Chris Noonan

“Miss Potter” director, Chris Noonan sits down with JoyHog’s Mandy Ward

Mandy: How did this project come to you?

Chris: Uh, well, it came to me initially because attached to play Beatrix at that time was Cate Blanchett.   Cate suggested to the producers that I direct it…that’s how it came to me anyway.cn.jpg

Mandy: Do you know her from Australia?

Chris: Yeah.

Mandy:   Now you have this theatre thing going on in your life with the writers, and I was going to ask are you part of the theatre world in Australia?

Chris: No, not at all.  I’ve never done theatre.   But, uh, Australia is a small pond, so generally most of sort of the actors and directors know each other.  It is a small world and you sort of get to know who you like and who you want to work with.   I have actually worked with Cate on a little thing years ago…

Mandy:  She would’ve had like six films come out at one time!

Chris:  I know.   But she is a miracle, that woman.  I would actually say she and Emily Watson are right up there.

Mandy:  Emily Watson in this film.  Her entrance is so big each time.   You know she just enlightened it so much. Is she such a pleasure to work with?

Chris: She is a complete pleasure to work with.  She is completely.  I’ve wanted to work with her for years.   This was a very long…plus she just had a baby when I approached her about it.  Basically I wasn’t going to take no for an answer.  I used every tool at my disposal to try and entice her into it.   Finally it took Renee approaching her and sort of pleading with her.

Mandy: So Renee was on board first?

Chris:  Renee was on board first, yeah.

Mandy:  She brought Ewan on, didn’t she?

Chris: Yeah she did.  Renee and I simultaneously came to the conclusion that Ewan had to do it. And it was up to Renee to go and try to convince him because she had worked with him before in “Down With Love.”   I just love the casting in this movie.  There just isn’t a false note.

Mandy:  The writers, how did you come across them?  And with their background of theatrical writing, did you find that was interesting in the structuring of the script?

Chris:  In many ways, a lot of the time I had to cut that back, yeah, because I didn’t want it to be a theatrical sort of film.  But you know, when I came onto the project, there was sort of a fourth or fifth draft of the script, which had been developed, and you know I loved it and it really moved me.   And that’s why I came on board, because of that script.

Mandy:  Right.

Chris:  But, I’d worked a lot on developing it a lot further.   I always like to keep the script fluid until you shot a scene, which writers hate, but actors love.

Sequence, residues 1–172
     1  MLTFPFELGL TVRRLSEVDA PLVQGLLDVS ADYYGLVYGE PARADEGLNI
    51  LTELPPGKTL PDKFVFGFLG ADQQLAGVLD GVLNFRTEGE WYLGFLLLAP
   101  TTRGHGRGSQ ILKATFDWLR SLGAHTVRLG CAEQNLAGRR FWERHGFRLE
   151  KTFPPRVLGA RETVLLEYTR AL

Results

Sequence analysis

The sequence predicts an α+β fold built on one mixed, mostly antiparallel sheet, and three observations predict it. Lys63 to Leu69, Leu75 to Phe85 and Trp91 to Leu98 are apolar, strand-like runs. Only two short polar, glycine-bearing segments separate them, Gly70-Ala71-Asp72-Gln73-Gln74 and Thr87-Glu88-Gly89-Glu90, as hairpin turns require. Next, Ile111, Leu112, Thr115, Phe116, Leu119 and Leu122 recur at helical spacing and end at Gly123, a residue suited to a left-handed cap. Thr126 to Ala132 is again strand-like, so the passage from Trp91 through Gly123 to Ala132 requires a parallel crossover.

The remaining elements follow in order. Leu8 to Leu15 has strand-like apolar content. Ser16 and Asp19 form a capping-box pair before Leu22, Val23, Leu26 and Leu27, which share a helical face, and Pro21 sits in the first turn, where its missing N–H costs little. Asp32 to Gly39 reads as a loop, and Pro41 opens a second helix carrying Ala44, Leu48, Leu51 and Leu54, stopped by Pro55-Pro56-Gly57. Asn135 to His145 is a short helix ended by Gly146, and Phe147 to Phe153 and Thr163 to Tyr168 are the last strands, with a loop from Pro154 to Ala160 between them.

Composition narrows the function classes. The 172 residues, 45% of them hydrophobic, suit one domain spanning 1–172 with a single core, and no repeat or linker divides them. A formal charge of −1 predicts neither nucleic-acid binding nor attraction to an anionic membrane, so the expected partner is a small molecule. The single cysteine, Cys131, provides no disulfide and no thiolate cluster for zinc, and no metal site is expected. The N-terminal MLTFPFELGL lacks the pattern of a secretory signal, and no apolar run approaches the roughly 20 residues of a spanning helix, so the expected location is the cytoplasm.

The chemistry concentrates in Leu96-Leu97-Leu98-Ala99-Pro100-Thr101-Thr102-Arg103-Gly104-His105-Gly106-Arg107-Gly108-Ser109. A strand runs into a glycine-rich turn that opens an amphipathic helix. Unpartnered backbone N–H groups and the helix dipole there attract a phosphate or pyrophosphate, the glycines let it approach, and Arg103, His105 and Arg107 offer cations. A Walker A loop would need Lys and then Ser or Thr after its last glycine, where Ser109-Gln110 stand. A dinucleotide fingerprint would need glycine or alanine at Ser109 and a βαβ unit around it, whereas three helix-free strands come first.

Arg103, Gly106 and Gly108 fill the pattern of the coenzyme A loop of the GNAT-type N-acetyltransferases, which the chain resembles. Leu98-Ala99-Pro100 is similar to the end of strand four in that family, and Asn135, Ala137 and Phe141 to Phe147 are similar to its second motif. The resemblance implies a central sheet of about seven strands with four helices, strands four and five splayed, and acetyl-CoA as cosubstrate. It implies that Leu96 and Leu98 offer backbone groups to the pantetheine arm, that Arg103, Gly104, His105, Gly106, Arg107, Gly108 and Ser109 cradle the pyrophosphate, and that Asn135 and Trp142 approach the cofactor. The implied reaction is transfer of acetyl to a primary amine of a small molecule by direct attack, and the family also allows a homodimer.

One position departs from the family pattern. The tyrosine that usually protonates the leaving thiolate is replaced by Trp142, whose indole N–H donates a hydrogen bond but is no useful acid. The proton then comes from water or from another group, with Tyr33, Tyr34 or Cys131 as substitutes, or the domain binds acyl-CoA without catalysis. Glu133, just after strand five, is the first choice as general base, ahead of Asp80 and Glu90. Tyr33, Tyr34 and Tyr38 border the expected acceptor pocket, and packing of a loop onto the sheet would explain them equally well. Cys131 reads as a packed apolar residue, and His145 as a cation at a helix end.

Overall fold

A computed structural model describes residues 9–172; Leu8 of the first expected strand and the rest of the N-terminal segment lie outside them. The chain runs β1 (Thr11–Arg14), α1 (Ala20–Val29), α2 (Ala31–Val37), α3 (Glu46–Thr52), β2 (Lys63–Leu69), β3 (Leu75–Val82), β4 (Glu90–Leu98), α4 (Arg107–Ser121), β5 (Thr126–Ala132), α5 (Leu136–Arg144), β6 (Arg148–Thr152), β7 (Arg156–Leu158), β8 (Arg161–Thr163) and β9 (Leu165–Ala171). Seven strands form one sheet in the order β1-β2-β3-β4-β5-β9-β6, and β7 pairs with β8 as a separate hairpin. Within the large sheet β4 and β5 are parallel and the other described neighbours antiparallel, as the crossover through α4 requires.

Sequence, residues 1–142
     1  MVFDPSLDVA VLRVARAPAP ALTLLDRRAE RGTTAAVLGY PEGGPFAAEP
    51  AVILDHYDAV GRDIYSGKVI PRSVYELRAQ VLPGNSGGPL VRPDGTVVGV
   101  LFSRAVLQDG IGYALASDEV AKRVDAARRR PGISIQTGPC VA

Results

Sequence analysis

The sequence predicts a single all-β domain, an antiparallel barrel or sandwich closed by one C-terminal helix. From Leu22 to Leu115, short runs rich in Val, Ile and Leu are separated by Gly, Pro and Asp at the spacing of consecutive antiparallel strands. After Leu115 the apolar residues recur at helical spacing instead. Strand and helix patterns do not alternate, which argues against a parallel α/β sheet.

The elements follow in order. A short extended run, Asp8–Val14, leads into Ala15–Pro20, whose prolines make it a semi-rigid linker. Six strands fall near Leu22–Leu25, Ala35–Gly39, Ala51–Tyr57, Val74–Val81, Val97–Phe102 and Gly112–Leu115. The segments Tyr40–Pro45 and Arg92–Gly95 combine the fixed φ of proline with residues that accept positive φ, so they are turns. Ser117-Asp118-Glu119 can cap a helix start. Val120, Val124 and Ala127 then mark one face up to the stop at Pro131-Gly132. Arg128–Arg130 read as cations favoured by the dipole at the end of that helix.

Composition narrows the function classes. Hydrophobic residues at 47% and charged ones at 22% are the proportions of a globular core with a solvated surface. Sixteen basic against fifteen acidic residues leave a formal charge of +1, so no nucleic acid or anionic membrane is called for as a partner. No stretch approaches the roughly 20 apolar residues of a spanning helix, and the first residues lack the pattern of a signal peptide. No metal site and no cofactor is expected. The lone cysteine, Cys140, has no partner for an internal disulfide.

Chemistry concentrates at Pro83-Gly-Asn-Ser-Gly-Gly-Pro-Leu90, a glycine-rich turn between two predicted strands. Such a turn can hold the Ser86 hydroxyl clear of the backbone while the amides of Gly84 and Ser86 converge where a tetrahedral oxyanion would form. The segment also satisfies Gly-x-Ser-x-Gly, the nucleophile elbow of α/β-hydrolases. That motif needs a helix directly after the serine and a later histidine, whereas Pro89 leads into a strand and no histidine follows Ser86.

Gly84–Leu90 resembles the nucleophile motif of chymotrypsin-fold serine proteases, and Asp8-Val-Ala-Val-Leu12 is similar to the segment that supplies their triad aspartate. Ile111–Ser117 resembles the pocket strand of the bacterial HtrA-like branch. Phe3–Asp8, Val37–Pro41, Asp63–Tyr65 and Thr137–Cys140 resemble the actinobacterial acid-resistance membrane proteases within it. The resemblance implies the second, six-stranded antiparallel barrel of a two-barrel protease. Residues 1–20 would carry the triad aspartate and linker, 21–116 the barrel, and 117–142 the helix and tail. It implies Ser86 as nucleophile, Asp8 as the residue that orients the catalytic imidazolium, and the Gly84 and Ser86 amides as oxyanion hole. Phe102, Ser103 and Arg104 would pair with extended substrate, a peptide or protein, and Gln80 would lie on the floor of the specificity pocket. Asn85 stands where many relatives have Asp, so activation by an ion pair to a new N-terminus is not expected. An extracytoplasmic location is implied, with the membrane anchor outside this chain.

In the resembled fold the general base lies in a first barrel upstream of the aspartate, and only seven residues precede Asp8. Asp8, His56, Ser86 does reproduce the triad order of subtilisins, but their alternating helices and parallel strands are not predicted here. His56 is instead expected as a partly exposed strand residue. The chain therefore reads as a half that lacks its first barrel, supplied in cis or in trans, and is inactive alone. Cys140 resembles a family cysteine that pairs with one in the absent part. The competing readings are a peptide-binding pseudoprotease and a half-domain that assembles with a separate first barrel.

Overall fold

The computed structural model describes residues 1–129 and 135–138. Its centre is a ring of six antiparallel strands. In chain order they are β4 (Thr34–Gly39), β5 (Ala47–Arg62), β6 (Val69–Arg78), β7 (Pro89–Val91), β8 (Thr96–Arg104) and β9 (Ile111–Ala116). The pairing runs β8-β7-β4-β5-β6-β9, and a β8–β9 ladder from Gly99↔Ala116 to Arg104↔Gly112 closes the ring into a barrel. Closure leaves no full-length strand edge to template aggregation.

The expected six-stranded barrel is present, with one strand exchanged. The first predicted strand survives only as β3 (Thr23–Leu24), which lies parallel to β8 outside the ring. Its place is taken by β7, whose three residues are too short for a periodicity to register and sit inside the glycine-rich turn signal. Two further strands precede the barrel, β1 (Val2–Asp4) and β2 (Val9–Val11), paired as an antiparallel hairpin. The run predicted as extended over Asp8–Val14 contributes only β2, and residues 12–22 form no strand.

Mandy:  Do you find yourself drawn to these family kind of feel good films?

Chris:  I don’t feel that I’m drawn to that, but I must be based on the evidence.  It’s not so much that I want something feel good, it’s a bit more complicated than that.   I don’t want to spend two and a half years of my life on something that’s going to have the result of having people watch it go out and kill.  I’d much rather make a film that I felt at the end of it was going to go out there and be an ambassador for people to get on better with each other.   Or you know find a way through their troubles, or that kind of thing.  So, I suppose that’s what I’m most attracted to, those sort of stories.

Mandy:  And going back to the story, what is your favorite children’s novel or book?

Chris:  Well, when I was a kid, I didn’t read Beatrix Potter books at all.  And as a matter of fact, I sort of thought of them as schmaltzy, but that was because I’d never read them.   But what I loved when I was six, seven and eight were the sort of boys adventure books.  The British ones in particular.

Mandy:  That’s like we had Nancy Drew for the girls.   That’s interesting because the Beatrix Potter definetely is my generation of childrens books in the states, so I just had to see it.

Chris: You know, what I love about her?  I went and read all of her books obviously after I started working on this, and I just found them fascinating from the point of view of their sedation, you know?  They weren’t these simple, little sweet things that I thought they would be.   You get Peter Rabbit’s father but in a pie behind Mrs. McGregor, the farmer, you know.  I think she’s got a very, sort of warped sense of humor in a way.  She’s got very wry, dark side to her, and I love that about her.   She’s not just sort of sweetness in life.